Thirty years after its coming as a bookend to both the optimism of the 1960s and the school of American cinema verite, David Maysles, Albert Maysles and Charlotte Zwerin’s 1970 Gimme Shelter has been restored and reissued, both on screen as a Criterion Collection DVD.
Gimme Shelter. Gee, whiz. What can be said about this movie? The Stones are on tour, and a free concert in the San Francisco area is shifted to the Altamont Speedway at the last hour; crowds crowd, Hells Angels cause as prevent as much ruckus, a man dies before the camera’s lens. The Stones, notably a taciturn Mick Jagger, observe the footage at some point in the future/present. We return to the past/present: figures scurry into the night, across smoky backlit hillsides as if escaping the primitive past. “Gimme Shelter” is an exemplar of documentary opening its eyes to life, succinctly and tellingly ordered, as the stuff of drama. But it does not tell you what you should think, pronouncing what the material you are regarding means. It’s all a matter of letting the mix of music, Jagger charisma and terrible menace speak quietly, yet stereophonically, for itself. Godard called Maysles the best American cameraman, and there are moments in this brilliantly edited masterpiece that takes the breath away: an amoral eye, greedy only for a picture of life.
This is rock, this is dread, this is sex and longing, and Gimme Shelter is an exquisite microcosm of ambiguity in an observer’s art. I dare you to put half a dozen people in a room and get them to agree on any aspect of Gimme Shelter but its essential excellence. Here are a few words from surviving Maysles brother, Albert. At 73, he has multiple projects in play, including a portraits of contemporary filmmakers for the Independent Film Channel. We talked to him over dinner, then a formal interview the day after the he revisited the picture at the Chicago International Film Festival.
“Did I tell you the story of my experience with Fidel?” the generous, avuncular raconteur begins. Yes, but tell us again. “In 1960, I spent a lot of time with Fidel and with Che, also. I was making a film that ended up being called Yanqui No! One day, Fidel mentioned that he was going to the Chinese Embassy for a party, did I want to come along? I said, ‘Sure.’ So I’m with him at the Chinese Embassy, standing shoulder to shoulder, I don’t have my camera because I couldn’t just walk in with it on my shoulder, I would need someone to do sound. A messenger comes rushing in, hands a telegram. He opens it. As he’s opening it, reading it, knowing that I don’t speak or read Spanish, he turns to me, and says, ‘Shall I translate it for you.’ I say, ‘Please do.’ Just inches away from me, he tells me, ‘The State Department has just broken off relations with Cuba!’”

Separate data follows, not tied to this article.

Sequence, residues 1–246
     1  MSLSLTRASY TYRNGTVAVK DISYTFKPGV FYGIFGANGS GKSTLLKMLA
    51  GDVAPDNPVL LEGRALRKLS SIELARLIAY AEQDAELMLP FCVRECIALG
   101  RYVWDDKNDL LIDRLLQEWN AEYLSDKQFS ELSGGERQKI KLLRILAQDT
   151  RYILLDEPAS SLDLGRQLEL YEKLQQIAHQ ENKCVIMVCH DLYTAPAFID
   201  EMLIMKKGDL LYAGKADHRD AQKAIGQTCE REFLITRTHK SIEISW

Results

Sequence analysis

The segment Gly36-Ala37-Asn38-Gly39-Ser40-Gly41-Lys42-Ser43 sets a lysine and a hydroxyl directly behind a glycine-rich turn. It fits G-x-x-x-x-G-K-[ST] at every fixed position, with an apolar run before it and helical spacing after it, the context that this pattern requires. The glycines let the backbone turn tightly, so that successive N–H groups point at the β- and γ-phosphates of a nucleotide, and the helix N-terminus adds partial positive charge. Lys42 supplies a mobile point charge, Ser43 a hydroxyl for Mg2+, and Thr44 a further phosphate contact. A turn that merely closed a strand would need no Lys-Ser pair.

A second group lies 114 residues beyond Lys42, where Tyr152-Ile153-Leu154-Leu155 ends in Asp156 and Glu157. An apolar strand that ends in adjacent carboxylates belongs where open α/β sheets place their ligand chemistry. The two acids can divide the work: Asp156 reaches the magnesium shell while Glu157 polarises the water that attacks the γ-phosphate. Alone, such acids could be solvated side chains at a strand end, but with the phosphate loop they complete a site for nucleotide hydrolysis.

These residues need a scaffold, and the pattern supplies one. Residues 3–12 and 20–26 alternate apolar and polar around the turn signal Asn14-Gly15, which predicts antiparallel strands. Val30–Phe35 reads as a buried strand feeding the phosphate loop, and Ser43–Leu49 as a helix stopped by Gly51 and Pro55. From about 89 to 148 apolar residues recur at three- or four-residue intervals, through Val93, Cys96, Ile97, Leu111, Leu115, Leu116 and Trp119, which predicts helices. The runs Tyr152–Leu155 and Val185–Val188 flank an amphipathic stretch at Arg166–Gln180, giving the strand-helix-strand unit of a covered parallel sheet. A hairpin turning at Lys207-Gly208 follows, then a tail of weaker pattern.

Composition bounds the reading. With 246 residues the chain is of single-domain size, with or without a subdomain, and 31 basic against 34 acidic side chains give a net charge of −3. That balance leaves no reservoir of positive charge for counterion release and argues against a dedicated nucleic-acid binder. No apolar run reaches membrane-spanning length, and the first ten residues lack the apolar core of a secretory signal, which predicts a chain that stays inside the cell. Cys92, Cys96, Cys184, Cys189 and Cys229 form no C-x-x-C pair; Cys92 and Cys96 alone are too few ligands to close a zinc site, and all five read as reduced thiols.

Maysles smiles. “I have some plans to go back to Cuba. This time, I’ll have my little video camera.” He holds up his palm to show the camera’s scale. “If I’m at the Chinese Embassy, the Romanian embassy, wherever it is, I’ll have that little camera ready when he reads the telegram which he’ll translate, saying, ‘The American State Department has restored relations with Cuba’! I missed the first one because of the movie camera. I’ll get the second one because of my video camera!”
As with the myriad details of the Altamont Speedway crowd in Gimme Shelter, Maysles loves discerning details afterward in the miles of footage video allows you to burn through. “There are things you noticed at the time, but later, things you didn’t think were that important then, are on tape, you can use it.”
Maysles also esteems video’s portability. “There’s no reason not to shoot with today’s equipment. For an hour of tape, it costs only about ten dollars, but on film, on 16mm, not even 35mm, it would be thousands of dollars. Thousands of dollars for an hour, ten dollars for a tape. A little cassette. For a day’s shooting, you can carry the tapes in your pocket.”
Maysles says that video’s affordability as a recording medium leaves the documentary maker no excuse not to shoot, and to shoot promiscuously, with today’s equipment. “The tape for an hour run only ten dollars. A little cassette. For a day’s shooting, you can carry the tapes in your pocket.”
So you can find the authentic moment accidentally? Let God offer you the world? “Y’know, actually, in the case of the documentary filmmaker, God is reality,” he says. “Or as the word that was used most often a couple hundred years ago, Providence. Reality is the great provider of subjects, of events, of drama, of insight. If it’s a brief moment that’s very telling, you’ve got it on tape. I joke with my kids, when we have a dinner party, I make a toast to Providence and they roll their eyes. ‘Oh, Providence again!’” A pause. A big smile.
This interview was conducted in 2000 with the invaluable participation of documentarian Amy Cargill.
© 2015 Ray Pride, All Rights Reserved.
That day, I tried to tell David Carr what he meant to me. He rolled his eyes and smiled so slightly. Wagged his forefinger, turned away and sloped up Main Street.
Photos © Ray Pride 2015, All Rights Reserved.